Morocco definitely earned its spot as my most memorable solo trip of 2017. I always get questions about why I haven’t traveled to Africa yet out of all the countries I’ve been to. My simple answer here is AFFORDABILITY. It’s funny cause White America always yelling go back to your country but if they really wanted us to go back then they would make those tickets a lot more affordable but let’s peep the game here. Africa does not need to be so expensive to get to but it is so that we won’t go back so that we won’t learn our history, our worth, our culture, our people. When I got my passport, I told myself I would not step on any European soil until I touched Mother Africa’s first! That was until I saw those Mother Africa plane ticket prices. It is my mission to know thyself before I know any others but I also have to be realistic about my finances as well. Some people will turn their eye to Africa (all 54 countries) for reasons that encompass global anti-blackness altogether like Africa is poor, war-torn and dangerous. The fact that many people still view Africa as disenfranchised and not a “vacation” spot is the real issue here. Africa is the second largest continent on Earth. There are so many beautiful beaches and cultural customs & traditions throughout the countries in Africa, but you know if people would rather visit the birthplace of white supremacy and unseasoned food then that’s on them. I’m not here to convince anyone that Africa is a good choice for them to explore but I’m glad I finally got there and with a nice flight deal, Morocco was my Gateway.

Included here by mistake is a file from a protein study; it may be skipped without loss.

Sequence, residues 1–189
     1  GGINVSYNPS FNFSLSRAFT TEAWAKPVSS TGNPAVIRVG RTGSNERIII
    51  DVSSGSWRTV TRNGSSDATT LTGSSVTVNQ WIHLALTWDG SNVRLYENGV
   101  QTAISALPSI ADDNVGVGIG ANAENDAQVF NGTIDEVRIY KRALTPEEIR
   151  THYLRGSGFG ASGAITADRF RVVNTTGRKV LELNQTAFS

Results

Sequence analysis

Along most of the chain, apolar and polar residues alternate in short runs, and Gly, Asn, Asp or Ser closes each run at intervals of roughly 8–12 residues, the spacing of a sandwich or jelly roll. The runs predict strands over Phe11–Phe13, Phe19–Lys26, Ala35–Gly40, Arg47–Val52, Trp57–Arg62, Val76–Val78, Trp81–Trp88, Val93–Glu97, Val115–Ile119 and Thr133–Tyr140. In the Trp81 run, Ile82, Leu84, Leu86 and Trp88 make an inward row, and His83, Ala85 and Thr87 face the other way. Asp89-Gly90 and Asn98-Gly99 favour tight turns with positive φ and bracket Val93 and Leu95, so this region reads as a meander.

I got a flight deal alert about Morocco from Chicago for only $465 which is a deal I couldn’t resist as I often don’t receive flight deal emails to anywhere in Africa in general. My outbound flight was a red-eye flight and seemed very quick and effortless as I went from Chicago to Lisbon and Lisbon to Morocco. I arrived in Morocco and the first thing I did was head to the ATM to get some local currency. Morocco is not one of those places that is credit card friendly so the ATM is your friend. If you forget or run out, there are many ATMs all around Marrakech so no worries here. I took the airport bus service (line 19) to get into the city for 30 Dirham which is about 3 US dollars. The bus runs every 30 minutes so it was very convenient and much cheaper than the $30 private transfer my Riad was offering me. If you are not really a bus person, you can always take a taxi for a bit more cash. The taxi drivers will sometimes though try to convince you that the airport bus is not running just so you will ride with them so be cautious of this. The bus lets you off right in front of Jamaa el Fna Square which is the heart and center of Marrakech and only a short walk from my riad.
A Riad is traditional house in Morocco. From the outside, the riads are plain walls, but ducking through the heavy wooden doors reveals beautiful, peaceful courtyards that are a little bit of paradise. Now once I got to Jamaa el Fna it was very hard to navigate my way to my riad being that Marrakech doesn’t really have streets or street signs. I would suggest downloading MAPS.me, an app you can use offline to help you in your navigation around the city. Locals saw me with my suitcase and saw me looking flustered and of course flocked to me in order to help (for a small fee of course). I could have easily found the place on my own with a little more time but they were persistent and wouldn’t take no for an answer so they safely guided me to my riad and I thanked them with 40 dirham which they made it seem like wasn’t enough but accepted it anyways.